COLLEGE STATION, TX — Researchers from Texas A&M's College of Veterinary Medicine and Biomedical Sciences (CVMBS) are working to develop the first oral anthrax vaccine for livestock and wildlife.
An anthrax vaccine is crucial in ensuring cattle and wildlife do not die from the disease.
Data from the Texas Animal Health Commission indicates last year, Texas made headlines due to a spike in anthrax cases in cattle.
"Anthrax is something a lot of people might know about. It can affect humans, but it's also more naturally occurring in wildlife," said Dr. Jamie Benn Felix.
Dr. Felix is a post-doctoral research associate in the Cook Wildlife Lab and the woman working to develop the first oral anthrax vaccine for wildlife and livestock.
"It forms these very resilient dormant spores that live in the soil for years. When animals are out in whatever area they are ranging in or grazing in, they can ingest or inhale the spores and they can become infected with anthrax," she explained.
Dr. Benn Felix says the inhalation can kill the animals within one to three days. She says the effects of anthrax is also a huge economic issue, particularly across the state of Texas.
"Every year there are anthrax outbreaks and sometimes they are worse than other years. Last summer was particularly bad. We estimate there were 10,000 animals that were killed by it," Dr. Benn Felix added.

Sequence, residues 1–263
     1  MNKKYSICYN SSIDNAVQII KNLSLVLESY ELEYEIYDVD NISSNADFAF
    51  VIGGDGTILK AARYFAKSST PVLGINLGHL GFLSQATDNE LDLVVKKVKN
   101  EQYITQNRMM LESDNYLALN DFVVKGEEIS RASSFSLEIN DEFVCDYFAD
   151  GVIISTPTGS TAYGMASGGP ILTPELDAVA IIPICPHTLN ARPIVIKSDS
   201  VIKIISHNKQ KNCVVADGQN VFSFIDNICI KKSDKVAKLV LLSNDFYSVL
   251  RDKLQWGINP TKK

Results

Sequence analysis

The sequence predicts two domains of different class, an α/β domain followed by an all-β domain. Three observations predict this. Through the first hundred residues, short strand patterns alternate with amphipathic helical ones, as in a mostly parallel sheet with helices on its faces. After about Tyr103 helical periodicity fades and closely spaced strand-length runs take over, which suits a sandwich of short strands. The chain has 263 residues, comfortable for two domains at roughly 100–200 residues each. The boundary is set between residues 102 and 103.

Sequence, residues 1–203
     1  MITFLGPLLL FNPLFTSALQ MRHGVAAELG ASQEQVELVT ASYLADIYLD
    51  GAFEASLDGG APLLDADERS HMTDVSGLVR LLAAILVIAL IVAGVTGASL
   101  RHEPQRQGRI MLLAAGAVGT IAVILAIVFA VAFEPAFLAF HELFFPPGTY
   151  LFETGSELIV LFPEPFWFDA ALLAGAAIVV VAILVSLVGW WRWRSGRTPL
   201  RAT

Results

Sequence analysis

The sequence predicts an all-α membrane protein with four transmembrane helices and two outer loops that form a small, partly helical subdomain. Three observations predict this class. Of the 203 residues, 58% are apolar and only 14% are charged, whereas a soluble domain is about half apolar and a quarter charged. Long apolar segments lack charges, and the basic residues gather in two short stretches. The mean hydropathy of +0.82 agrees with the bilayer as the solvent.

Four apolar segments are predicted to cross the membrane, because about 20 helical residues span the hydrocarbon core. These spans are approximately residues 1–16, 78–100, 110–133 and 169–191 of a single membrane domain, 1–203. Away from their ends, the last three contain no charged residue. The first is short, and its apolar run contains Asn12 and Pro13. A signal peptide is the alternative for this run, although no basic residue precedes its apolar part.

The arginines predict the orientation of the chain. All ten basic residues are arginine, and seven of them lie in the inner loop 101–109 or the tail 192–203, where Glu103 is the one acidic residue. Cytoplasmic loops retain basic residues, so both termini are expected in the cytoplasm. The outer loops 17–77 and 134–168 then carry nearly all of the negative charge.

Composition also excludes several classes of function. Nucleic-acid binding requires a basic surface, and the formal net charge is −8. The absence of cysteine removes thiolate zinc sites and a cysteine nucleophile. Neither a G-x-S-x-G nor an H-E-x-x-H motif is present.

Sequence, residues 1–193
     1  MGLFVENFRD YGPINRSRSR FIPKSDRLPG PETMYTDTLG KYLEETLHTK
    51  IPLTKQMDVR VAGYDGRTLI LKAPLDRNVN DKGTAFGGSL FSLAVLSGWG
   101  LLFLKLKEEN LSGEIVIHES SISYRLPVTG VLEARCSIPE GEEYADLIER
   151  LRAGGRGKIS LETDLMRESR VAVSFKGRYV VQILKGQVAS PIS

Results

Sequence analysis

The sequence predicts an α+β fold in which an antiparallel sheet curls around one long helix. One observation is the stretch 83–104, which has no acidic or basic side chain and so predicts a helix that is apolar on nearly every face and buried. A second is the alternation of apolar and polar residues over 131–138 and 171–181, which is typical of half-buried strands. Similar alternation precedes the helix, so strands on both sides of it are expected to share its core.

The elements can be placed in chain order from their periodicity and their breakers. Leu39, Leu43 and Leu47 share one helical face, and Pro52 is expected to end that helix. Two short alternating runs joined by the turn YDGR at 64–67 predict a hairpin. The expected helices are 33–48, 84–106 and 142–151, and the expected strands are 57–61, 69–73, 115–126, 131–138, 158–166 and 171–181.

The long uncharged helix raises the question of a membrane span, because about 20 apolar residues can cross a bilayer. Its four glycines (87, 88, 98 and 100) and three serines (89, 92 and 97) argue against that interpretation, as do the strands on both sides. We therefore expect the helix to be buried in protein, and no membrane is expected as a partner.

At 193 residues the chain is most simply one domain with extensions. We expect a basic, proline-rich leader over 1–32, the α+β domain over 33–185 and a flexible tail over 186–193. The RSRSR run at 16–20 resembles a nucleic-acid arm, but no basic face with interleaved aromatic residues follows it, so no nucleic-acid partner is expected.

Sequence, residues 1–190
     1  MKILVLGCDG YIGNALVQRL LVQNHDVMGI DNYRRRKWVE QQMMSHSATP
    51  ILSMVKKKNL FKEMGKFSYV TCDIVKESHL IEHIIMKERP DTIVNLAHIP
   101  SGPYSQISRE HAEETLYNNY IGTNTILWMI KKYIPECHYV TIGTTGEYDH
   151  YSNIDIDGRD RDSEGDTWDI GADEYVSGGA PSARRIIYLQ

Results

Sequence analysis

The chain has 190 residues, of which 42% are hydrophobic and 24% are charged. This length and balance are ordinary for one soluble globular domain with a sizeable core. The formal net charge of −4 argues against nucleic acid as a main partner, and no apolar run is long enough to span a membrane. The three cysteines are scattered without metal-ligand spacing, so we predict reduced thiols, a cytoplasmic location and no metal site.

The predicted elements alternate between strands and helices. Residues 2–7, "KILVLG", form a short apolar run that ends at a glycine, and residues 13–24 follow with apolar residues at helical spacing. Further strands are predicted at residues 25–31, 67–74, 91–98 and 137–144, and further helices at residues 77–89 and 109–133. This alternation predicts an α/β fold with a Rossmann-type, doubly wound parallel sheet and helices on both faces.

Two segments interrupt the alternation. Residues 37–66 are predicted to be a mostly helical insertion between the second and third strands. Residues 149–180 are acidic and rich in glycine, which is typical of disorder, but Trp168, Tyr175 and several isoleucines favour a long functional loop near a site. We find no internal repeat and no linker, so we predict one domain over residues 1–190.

Dr. Been Felix says that if you estimate that each one of those animals were worth $1,000, that can quickly add up to $10 million in losses over a few months. These staggering numbers are from Texas alone in the Hill Country area.
There is already a vaccine for cattle, but it requires a hand-injection every year.
"If you are trying to vaccinate livestock or wildlife with a hand injected vaccine every single year, that's really time consuming and costly for livestock, but then when it comes to wildlife it's logistically impossible," Dr. Benn Felix said.
So with Dr. Benn Felix's work and her research, she is coming up with an oral vaccine without any human contact or hand injections needed.
"What we can do with an oral vaccine is we can put it in some bait and just lay it out have wildlife come up and eat it to get that immune and antibody response going, so that they are protected from it," Dr. Benn Felix said.
Wildlife Biologist Macy Ledbetter says an oral vaccine is a game-changer.
"This oral vaccine and this anthrax remedy excites me because now we can possibly do something about it," Ledbetter said.
Ledbetter says for someone managing a wildlife herd every year, numbers are key and as long as the adult deer populations stay safe, you can manage them better.
"But when we these boom and bust, these anthrax outbreaks or disease outbreaks that decimate a deer herd, we are constantly rebuilding the herd which is entirely different from managing the herd," Ledbetter added.
Dr. Benn Felix says their efforts right now are focused on white tail deer, but down the road they could potentially move toward other wildlife, like Koodo or Zebras and eventually livestock, like cows horses, goats and sheep.
"We have heard a lot of positive feedback. There is definitely a need. We want to help and we want to do everything we can," Dr. Benn Felix said.
Dr. Benn Felix says it is extremely important that if you have an anthrax outbreak on your property that you report it and find a way to get them information about the number of potential animals killed, so they can help solve the anthrax problem.
She says it could take a few years before the vaccine could potentially hit the market. She also says if anyone across Texas wants to get involved and help, you can contact the College of Veterinary Medicine and Biomedical Sciences and help keep the research going.